Finally a brief note about models and theories, and about the sense in which those terms are used in RDF and mathematical logic. This has absolutely nothing to do with the above, or the title.

In math, models are a thing separate from logic theories. We say a model satisfies a theory if we can find a mapping of the real objects in the model to the variables of the theory which doesn’t lead to a contradiction. This means that we can do things like those done by DAML axiomatic semantics to the unproperties: the semantics are defined by giving a logic formula which makes two objects equal under certain conditions. If we try to interpret a model where the conditions do not hold, this leads to a contradiction, and we immediately see that the model does not satisfy the theory. Either the theory needs to be fixed or we have to find another model which satisfies the theory.

In math other than mathematical logic we work solely on the theory. Whatever we know about the world is what we can derive from the theory, and so it makes sense to actually equate two objects if the theory tells us they are the same. (This happens, for example, when we derive an equivalence to show that there is only one number satisfying a given constraint.)

In KR and RDF the situation is not so clear cut. KR languages, including RDF with the suitable high lever structure, are both substrates for reasoning and languages representing invariable real world data. So, what troubles me is the following: when should RDF objects be treated as part of an invariant, given‐from‐outside model, and when as a part of our theory, subject to whatever rules we have chosen as our axioms? Or more precisely, should there be a way to distinguish between the two, and if so, what should it be like? (After all, making the judgment seems very much AI‐complete.)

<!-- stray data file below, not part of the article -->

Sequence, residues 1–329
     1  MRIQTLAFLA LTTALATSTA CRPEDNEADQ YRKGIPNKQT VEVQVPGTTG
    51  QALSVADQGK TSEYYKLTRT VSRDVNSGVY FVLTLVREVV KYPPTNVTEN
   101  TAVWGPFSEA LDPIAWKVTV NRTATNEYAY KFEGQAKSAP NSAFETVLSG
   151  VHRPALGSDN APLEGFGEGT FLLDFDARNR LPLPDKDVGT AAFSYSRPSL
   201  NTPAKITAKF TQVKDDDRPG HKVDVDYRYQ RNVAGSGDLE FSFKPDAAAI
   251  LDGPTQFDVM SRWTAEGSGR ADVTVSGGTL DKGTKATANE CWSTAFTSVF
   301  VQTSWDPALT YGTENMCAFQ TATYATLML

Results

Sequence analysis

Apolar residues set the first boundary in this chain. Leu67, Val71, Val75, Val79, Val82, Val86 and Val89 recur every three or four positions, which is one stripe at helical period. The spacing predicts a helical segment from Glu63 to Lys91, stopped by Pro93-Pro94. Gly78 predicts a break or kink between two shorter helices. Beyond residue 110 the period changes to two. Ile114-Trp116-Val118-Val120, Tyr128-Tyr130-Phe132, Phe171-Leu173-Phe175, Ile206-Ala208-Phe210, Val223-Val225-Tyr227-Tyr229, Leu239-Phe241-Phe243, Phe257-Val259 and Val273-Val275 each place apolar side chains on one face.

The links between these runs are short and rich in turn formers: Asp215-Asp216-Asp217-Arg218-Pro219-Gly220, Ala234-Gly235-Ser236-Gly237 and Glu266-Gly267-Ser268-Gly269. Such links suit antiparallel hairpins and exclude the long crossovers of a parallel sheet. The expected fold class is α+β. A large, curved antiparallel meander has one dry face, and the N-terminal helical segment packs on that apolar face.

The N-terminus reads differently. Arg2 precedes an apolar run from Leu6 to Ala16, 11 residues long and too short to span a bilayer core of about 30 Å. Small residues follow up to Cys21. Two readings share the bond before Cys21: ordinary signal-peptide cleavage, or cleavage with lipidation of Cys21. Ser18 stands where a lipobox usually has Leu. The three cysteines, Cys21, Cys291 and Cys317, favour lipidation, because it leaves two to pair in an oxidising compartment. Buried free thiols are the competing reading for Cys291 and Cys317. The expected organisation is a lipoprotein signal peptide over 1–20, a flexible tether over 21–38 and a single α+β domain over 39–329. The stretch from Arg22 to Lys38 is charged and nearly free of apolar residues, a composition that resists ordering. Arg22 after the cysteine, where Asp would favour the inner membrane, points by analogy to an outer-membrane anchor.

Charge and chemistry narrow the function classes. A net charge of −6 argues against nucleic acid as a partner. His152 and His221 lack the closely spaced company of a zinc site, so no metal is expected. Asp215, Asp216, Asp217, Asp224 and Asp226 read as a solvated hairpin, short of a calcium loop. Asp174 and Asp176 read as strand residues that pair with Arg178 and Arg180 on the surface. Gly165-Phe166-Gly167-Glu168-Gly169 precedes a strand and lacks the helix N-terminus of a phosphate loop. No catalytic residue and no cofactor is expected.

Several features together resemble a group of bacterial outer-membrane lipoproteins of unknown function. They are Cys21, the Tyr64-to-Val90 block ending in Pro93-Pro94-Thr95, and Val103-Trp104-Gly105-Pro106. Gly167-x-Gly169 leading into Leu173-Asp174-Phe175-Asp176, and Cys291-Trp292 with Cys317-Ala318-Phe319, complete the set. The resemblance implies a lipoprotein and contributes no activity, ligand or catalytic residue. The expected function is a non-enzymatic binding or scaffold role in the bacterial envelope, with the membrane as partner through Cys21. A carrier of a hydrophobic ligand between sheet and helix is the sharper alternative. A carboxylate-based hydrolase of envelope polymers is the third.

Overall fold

For a concrete example: suppose we encounter
`daml:UnambiguousProperty`

with the same value for two
different objects. I see two equally good ways in which to deal with the
situation:

- Take the values to be a part of the model. In this case, they are separate and we immediately know that the model does not satisfy the theory. We raise a validation error; either the data is faulty, or we discard the theory and work out a new one which better describes the universe we’re working in.
- We take the facts to be a part of our theory, and subject to its rules. The theory now tells us that two objects are the same, so that’s what they are. We merge them and end up having acquired some new information in the process. (We have suddenly become aware that two objects we previously thought were different are in fact the same.)

This is reminiscent of trust, but the issue isn’t quite the same. Somehow it also seems that flagging the difference could be extremely useful. Further, this all somehow brings blank nodes to my mind. Perhaps anonymous nodes are part of the theory while named ones belong to the model?

Reality doesn’t work that way, I know, but if I’m not reading TimBL
entirely wrong, *something* akin to the above lives between the
lines telling us about the virtues of anonymous resources. Or did I
just forget to wake up, this morning?